Definitions

giardiasis

giardiasis

[jee-ahr-dahy-uh-sis, jahr-]
giardiasis, infection of the small intestine by a protozoan, Giardia lamblia. Giardia, which was named after Alfred M. Giard, a French biologist, is spread via the fecal-oral route, most commonly by eating food contaminated by the unwashed hands of an infected person or by drinking groundwater polluted by the feces of infected animals such as dogs and beavers (hence the nickname "beaver fever"). It attaches itself to the walls of the small intestine and there multiplies quickly. About two thirds of infected individuals develop no symptoms. Symptoms, when present, occur one to three days after infection and consist of diarrhea, flatulence, and abdominal cramps, often accompanied by weight loss. In some cases the infection becomes chronic. Giardiasis has traditionally been considered a tropical disease, but it is becoming more common in developed countries, especially among gay men and among groups of very young children in close contact with each other, as in day-care centers before toilet training and proper handwashing techniques have been mastered. Diagnosis is by direct microscopic examination of the stool or by testing for antibodies to the parasite. In most cases no treatment is necessary. The drugs metronidazole, tinidazole, and nitazoxanide are sometimes prescribed.
Giardiasis — popularly known as beaver fever or backpacker's diarrhea — is a disease caused by the flagellate protozoan Giardia lamblia (also sometimes called Giardia intestinalis and Giardia duodenalis). The giardia organism inhabits the digestive tract of a wide variety of domestic and wild animal species, including humans. It is a common cause of gastroenteritis in humans, infecting approximately 200 million people worldwide.

Transmission

Giardiasis is passed via the fecal-oral route. Primary routes are personal contact and contaminated water and food. People who spend time in institutional or day-care environments are more susceptible, as are travelers and those who consume improperly treated water. It is a particular danger to people hiking or backpacking in wilderness areas worldwide. Giardia is suspected to be zoonotic—communicable between animals and humans. Major reservoir hosts include beavers, dogs, cats, horses, cattle and birds.

Symptoms

Symptoms include loss of appetite, lethargy, fever, explosive diarrhea, hematuria (blood in urine), loose or watery stool, stomach cramps, upset stomach, projectile vomiting (uncommon), bloating, flatulence, and burping (often sulphurous). Symptoms typically begin 1–2 weeks after infection and may wane and reappear cyclically. Symptoms are caused by Giardia organisms coating the inside of the small intestine and blocking nutrient absorption. Most people are asymptomatic; only about a third of infected people exhibit symptoms. Untreated, symptoms may last for six weeks or longer.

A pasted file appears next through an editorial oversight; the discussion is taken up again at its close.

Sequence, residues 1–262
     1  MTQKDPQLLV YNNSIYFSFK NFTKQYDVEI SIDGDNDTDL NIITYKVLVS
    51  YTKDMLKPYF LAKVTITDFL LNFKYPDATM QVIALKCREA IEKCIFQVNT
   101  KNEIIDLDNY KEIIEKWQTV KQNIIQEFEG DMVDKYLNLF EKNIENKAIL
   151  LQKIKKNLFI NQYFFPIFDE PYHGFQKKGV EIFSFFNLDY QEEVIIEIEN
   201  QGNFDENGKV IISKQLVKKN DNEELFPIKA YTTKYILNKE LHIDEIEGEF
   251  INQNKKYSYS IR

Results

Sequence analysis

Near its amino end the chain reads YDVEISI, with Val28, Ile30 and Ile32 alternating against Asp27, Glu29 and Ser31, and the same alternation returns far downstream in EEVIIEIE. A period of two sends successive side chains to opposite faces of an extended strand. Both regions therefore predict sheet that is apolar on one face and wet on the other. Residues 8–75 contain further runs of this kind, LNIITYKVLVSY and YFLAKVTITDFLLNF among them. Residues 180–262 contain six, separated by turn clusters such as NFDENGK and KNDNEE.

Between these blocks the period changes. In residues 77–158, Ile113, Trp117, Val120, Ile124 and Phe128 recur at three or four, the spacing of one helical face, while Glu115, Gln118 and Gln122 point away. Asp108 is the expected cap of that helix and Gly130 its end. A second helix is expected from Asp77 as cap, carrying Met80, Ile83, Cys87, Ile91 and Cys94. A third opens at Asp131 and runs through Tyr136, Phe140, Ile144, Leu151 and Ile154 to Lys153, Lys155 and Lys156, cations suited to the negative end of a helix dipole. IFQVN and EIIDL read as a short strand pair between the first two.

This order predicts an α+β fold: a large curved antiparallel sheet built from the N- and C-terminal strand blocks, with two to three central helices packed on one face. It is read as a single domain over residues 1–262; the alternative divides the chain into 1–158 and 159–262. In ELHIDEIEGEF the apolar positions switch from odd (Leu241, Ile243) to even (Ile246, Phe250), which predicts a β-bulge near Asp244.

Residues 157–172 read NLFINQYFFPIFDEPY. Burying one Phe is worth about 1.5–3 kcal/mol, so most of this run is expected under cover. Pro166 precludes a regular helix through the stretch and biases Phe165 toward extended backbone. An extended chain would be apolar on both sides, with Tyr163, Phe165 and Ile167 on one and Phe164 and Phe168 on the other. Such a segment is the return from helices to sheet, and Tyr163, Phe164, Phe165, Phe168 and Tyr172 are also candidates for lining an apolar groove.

Symptomatic infections are well recognised as causing lactose intolerance, which, while usually temporary, may become permanent. Although hydrogen breath tests indicate poorer rates of carbohydrate absorption in those asymptomatically infected, such tests are not diagnostic of infection. It has been suggested that these observations are explained by symptomatic giardia infection allowing for the overgrowth of other bacteria.

Some studies have shown that giardiasis should be considered as a cause of Vitamin B12 deficiency, this a result of the problems caused within the intestinal absorption system.

Treatment

Drugs used to treat adults include metronidazole, albendazole and quinacrine. Furazolidone and nitazoxanide may be used in children. Treatment is not always necessary, as the body can defeat the infection by itself.

The drug tinidazole can treat giardiasis in a single treatment of 2000 mg, instead of the longer treatment of the other medications listed. The shorter duration of treatment may also cause less patient distress. Tinidazole is now approved by the FDA and available to U.S. patients.

Lab Diagnosis

  • The mainstay of diagnosis of Giardiasis is stool microscopy. This can be for motile trophozoites or for the distinctive oval G.lamblia cysts.
  • The entero-test uses a gelatin capsule with an attached thread. One end is attached to the inner aspect of the patient's cheek, and the capsule is swallowed. Later the thread is withdrawn and shaken in saline to release trophozoites which can be detected microscopically.
  • A new immunologic test referred to as ELISA, for enzyme-linked immunosorbent assay is now available. These tests are capable of a 90 percent detection rate or more.
  • Because Giardia lamblia is difficult to detect, often leading to misdiagnoses, it is advised that several tests be conducted over a one week time period.

References

See also

External links

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